'Failed insurrection': McConnell calls for 'painstaking investigation' into Capitol breach

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Senate Majority Leader Mitch McConnell called for an investigation into how “unhinged criminals” were able to breach the Capitol building as lawmakers began the process of affirming President-elect Joe Biden’s victory.

The Kentucky Republican branded the Wednesday mayhem a “failed insurrection” in a Thursday statement where he thanked the front-line workers, including the U.S. Capitol Police, for intervening and retaking control of the complex.

“With that said, yesterday represented a massive failure of institutions, protocols, and planning that are supposed to protect the first branch of our federal government,” McConnell wrote. “A painstaking investigation and thorough review must now take place and significant changes must follow. Initial bipartisan discussions have already begun among committees of oversight and Congressional Leadership.”

McConnell emphasized that the “ultimate blame” for the violence was with “the unhinged criminals who tried to disrupt our government and with those who incited them.”

“But this fact does not preclude our addressing the shocking failures in the Capitol’s security posture and protocols,” he added.

In a statement of his own on Thursday, U.S. Capitol Police Chief Steven Sund said his force will be ” conducting a thorough review of this incident, security planning and policies and procedures.”

Police begin clearing angry protesters from the Capitol building in Washington by using tear gas on Wednesday, Jan. 6, 2021. Demonstrators responded by taunting and yelling at law enforcement before retreating from the toxic gas and the officers with riot shields.

(Zachary Halaschak/Washington Examiner)

The incursion began after thousands of people gathered near the White House to hear a speech from President Trump. Trump encouraged them to march toward the Capitol building, where Congress began the process of certifying Biden’s Electoral College victory.

Soon after deliberations began, protesters began breaking through the barriers surrounding the building and quickly overwhelmed law enforcement who were standing guard. Photos and videos sourced from the violence show broken windows, lawmakers ducking down in fear, police with guns drawn inside the building, and rioters walking openly through offices and spaces not open to the public.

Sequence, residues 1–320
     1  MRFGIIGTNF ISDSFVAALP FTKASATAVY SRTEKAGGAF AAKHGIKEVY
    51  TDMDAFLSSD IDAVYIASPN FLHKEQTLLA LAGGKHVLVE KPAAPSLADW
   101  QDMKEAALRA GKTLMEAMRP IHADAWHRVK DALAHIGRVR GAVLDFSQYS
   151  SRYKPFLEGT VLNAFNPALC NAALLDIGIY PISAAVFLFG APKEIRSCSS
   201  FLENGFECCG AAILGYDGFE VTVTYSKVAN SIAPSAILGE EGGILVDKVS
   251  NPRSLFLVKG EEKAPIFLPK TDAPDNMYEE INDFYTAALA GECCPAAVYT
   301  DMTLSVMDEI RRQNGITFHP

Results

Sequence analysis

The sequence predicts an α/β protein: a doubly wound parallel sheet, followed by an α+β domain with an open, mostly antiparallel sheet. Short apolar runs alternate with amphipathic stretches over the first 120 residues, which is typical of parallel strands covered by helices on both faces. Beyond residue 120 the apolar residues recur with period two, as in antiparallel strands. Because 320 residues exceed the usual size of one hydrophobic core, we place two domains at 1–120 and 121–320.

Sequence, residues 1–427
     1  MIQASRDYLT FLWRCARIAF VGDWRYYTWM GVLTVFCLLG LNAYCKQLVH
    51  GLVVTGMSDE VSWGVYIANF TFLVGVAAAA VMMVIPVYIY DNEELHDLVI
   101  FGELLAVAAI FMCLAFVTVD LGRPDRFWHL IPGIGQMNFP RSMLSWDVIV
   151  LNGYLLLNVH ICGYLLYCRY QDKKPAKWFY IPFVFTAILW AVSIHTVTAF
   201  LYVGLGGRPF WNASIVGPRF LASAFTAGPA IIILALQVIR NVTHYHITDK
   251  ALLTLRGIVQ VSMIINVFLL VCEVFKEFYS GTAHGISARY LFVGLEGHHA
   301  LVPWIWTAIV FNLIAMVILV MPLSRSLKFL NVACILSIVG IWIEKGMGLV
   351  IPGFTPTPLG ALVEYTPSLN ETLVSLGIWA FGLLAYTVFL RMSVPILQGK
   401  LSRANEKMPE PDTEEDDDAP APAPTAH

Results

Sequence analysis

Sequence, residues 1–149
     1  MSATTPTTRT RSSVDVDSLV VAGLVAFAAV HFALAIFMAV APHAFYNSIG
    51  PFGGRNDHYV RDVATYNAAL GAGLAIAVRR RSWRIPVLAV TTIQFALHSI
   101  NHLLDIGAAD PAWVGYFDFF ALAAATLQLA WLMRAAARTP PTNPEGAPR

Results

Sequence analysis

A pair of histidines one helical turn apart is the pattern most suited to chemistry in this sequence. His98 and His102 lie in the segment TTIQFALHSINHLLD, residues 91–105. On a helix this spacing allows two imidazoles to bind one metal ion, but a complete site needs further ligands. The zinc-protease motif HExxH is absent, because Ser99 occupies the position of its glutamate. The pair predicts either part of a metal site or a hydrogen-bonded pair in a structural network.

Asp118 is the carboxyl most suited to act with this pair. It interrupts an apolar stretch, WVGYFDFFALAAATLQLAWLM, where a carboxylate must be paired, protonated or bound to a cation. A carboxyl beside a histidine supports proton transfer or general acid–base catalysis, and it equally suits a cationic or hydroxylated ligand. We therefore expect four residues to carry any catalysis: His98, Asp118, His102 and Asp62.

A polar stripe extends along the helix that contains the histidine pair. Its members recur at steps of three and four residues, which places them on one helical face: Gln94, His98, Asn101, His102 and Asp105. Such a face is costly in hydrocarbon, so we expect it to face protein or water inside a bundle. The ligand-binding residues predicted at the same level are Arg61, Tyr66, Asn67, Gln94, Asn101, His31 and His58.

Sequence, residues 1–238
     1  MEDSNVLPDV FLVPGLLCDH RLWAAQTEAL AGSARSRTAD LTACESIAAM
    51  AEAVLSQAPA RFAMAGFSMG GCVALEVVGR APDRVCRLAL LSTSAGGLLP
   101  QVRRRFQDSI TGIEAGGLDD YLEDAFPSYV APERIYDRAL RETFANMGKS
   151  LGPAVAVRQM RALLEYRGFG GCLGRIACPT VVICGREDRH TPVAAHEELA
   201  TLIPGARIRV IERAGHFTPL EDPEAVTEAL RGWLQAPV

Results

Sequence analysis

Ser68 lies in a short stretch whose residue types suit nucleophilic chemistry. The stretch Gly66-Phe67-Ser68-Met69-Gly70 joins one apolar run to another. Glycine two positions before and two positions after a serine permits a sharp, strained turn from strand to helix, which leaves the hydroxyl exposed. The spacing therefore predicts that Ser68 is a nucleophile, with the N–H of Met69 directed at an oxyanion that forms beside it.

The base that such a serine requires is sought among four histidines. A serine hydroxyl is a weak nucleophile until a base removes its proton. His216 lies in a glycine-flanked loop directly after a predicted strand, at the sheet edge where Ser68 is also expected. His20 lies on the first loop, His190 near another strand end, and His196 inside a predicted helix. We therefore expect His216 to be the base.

Pro-Trump supporters storm the U.S Capitol, after President Trump held a rally in Washington D.C., Wednesday, December 6, 2020. Pro-Trump supporters storm the U.S Capitol, after President Trump held a rally in Washington D.C., Wednesday, December 6, 2020.

Graeme Jennings/Graeme Jennings

The crowd swelled throughout the afternoon, and by mid-afternoon, there were hundreds of Trump supporters standing on and around the Capitol building as law enforcement began to gather to disperse them. Police began firing tear gas, and protesters were pushed away as night began to fall, many coughing and gagging as they ran from the noxious fumes.

Only after the storming of the Capitol did Trump change his tune and urge his supporters to go home peacefully, adding that he understands how they feel and that he loves them.

By the time Congress reconvened to begin the Electoral College count once again, authorities from the Capitol Police, Metropolitan Police Department, National Guard, and FBI had set up a beefy perimeter around the complex. Trump then promised a peaceful transfer of power on Jan. 20.

Metropolitan Police Department Chief Robert Contee said at a Thursday press conference that one person was fatally shot, and three others died during the chaos. He also said 68 people were arrested, only one of which was a resident of the district. The police and FBI are asking the public for help in identifying other suspects. The Justice Department is expected to announce some charges on Thursday.

Pushing back the mob Authorities stand shoulder-to-shoulder as they work to push a mob of pro-Trump demonstrators from the Capitol complex on Thursday, Jan. 6, 2021.

(Zachary Halaschak/Washington Examiner)

Trump’s transportation secretary, Elaine Chao, announced her resignation from the administration on Thursday. Chao is McConnell’s wife and had served on Trump’s Cabinet since the start of his presidency.

“Yesterday, our country experienced a traumatic and entirely avoidable event as supporters of the President stormed the Capitol building following a rally he addressed,” Chao wrote in part. “As I’m sure is the case with many of you, it has deeply troubled me in a way that I simply cannot set aside.”

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